Milling about, being all that‘s needed to stop traffic on a Japanese highway.  The other white meat relishing their brief taste of freedom after their tractor-trailer overturned.  Squeezed left.  As with the bulls of Pamplona, the ultimate fate of the sign o‘ swine is uncertain, but they will, we think, go from roadside attraction to teriyaki pork chops. 

Stretching the thematic potential to the outer limits in this edition of “Oddball,” pig tails were a possibility for this guy, about 15 feet and about 30 odd years ago, and they have been odd years.  That‘s how long it‘s been since Vietnam‘s Tran Von Hay cut his hair, which is now 18 feet long and counting.  Imagine all you could do with every last inch of this.  You‘ve got your examining of it, your twirling, your twisting, your keeping it under wraps, your unraveling it like that.  What you don‘t got is your washing, Tran says it has been many years since those mighty long locks have seen any shampoo.  Perhaps another pig theme, there. 

You‘ll have to tune in tomorrow for another edition of “Oddball.”  Speaking of tuning in tomorrow, that‘s what we‘ll be doing as we wait to hear if Martha Stewart will do hard time behind bars or community service or house arrest or what.  A preview of the sentencing next. 

Also ahead, an artificial insemination gone bad:  A woman gets the wrong sperm.  Well, it wasn‘t wrong, she got pregnant only it was by somebody besides her fiance. 

These stories ahead, first here are COUNTDOWN‘s “Top 3 Newsmakers” of this day:

No. 3: An unnamed woman in Shawnee, Kansas.  First she was broken hearted when she lost her pet parrot, “Reggie.”  Then a man called and said he had her bird and would return it in exchange for sex.  He‘s been arrested and what‘s worse, he didn‘t even have the bird.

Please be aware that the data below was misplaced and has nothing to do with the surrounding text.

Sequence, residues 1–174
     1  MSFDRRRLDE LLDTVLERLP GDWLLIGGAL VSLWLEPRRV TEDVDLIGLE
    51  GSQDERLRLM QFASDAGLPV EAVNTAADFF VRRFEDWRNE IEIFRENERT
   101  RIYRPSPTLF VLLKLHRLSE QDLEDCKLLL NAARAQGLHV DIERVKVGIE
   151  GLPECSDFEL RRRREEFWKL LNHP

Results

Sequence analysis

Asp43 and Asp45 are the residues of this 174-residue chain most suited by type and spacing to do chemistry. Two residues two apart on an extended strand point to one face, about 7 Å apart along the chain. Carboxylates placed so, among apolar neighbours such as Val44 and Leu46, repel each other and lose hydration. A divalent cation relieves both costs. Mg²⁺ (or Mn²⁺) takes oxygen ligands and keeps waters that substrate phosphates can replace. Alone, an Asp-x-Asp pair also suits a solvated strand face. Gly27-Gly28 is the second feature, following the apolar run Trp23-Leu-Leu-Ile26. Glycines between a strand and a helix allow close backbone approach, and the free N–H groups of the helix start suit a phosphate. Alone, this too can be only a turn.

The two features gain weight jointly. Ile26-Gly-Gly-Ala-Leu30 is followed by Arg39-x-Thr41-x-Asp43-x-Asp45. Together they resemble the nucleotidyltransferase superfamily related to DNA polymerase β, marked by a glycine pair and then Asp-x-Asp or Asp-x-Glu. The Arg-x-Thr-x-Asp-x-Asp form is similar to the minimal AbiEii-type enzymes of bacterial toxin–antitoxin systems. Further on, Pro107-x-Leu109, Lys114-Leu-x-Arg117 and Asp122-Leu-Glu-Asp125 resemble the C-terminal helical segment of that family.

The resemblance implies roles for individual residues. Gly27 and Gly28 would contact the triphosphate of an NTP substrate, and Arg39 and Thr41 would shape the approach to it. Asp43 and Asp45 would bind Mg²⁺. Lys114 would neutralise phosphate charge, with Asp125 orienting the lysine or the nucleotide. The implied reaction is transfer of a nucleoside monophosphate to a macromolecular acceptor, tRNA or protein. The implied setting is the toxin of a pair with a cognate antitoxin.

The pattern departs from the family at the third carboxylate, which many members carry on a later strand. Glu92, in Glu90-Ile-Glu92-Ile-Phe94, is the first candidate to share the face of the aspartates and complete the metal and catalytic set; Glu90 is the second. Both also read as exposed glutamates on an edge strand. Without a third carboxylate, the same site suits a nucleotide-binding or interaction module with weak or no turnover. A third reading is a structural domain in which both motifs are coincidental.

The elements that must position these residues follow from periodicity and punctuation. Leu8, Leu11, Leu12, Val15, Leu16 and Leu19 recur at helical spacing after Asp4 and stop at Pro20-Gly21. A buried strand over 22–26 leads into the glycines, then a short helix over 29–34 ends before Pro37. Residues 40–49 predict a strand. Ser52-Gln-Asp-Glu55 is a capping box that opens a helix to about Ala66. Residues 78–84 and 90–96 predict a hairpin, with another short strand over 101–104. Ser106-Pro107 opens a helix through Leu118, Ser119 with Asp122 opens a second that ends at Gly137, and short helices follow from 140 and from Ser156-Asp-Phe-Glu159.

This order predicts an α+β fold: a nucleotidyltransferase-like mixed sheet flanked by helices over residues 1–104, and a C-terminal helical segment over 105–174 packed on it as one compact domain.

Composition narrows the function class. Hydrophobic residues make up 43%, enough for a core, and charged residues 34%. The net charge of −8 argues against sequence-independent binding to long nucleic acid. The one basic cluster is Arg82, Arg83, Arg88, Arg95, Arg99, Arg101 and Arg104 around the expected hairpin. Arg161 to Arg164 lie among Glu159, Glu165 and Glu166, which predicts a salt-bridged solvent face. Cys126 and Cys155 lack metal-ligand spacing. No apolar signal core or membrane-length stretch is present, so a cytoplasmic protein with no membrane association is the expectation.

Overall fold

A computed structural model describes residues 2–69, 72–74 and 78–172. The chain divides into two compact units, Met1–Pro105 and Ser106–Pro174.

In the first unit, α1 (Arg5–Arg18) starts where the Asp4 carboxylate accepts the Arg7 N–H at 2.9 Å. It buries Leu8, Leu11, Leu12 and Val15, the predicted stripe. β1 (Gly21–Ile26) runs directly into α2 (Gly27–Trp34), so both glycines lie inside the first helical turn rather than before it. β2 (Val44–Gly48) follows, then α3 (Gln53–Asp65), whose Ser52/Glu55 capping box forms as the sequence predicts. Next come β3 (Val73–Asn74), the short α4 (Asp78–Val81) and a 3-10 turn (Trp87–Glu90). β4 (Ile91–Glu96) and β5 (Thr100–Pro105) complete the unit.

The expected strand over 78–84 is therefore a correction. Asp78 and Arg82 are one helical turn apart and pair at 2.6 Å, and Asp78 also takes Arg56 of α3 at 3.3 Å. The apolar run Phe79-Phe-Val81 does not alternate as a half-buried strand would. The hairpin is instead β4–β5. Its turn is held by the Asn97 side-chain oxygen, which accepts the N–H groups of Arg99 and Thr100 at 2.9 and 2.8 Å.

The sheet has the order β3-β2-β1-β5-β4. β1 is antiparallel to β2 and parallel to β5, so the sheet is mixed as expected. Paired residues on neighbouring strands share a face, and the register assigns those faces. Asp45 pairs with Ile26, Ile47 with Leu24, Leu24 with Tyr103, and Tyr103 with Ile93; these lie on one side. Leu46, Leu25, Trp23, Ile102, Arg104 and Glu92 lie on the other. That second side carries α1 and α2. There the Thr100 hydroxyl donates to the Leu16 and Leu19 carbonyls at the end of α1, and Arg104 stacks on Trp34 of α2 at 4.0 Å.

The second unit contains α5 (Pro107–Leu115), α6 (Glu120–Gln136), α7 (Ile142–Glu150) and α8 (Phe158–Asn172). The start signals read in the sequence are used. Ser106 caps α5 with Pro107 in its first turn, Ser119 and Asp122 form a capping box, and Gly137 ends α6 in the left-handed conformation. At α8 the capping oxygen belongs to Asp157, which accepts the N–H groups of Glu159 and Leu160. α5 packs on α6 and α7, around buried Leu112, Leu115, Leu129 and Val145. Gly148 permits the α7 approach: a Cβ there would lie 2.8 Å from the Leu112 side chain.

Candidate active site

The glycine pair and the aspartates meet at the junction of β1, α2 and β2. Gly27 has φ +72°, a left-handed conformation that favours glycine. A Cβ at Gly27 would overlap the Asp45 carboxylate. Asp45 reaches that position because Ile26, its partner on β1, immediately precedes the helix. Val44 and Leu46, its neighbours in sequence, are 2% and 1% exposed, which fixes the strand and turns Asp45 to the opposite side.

No. 2: You think politics is rough in this country.  For 20 hours, the official website of the president of South Korea featured a picture of the head of the leader of the opposition party edited onto the body of an actress from a soft porn movie. 

And No. 1: A woman named Dawn Marie Duccini of Huntington, New York, allegedly inebriated, she fled the scene of a fender-bender in the parking lot at the Wall Bound supermarket and then drove right back to the same store and then picked up some groceries.  She has now been charged by police with drinking and driving and hitting and running and shopping. 

(COMMERCIAL BREAK)

OLBERMANN:  The Bush administration, which incidentally has made no comment on the Martha Stewart case, was probably well on its way to a White House record for not commenting on the most different subjects.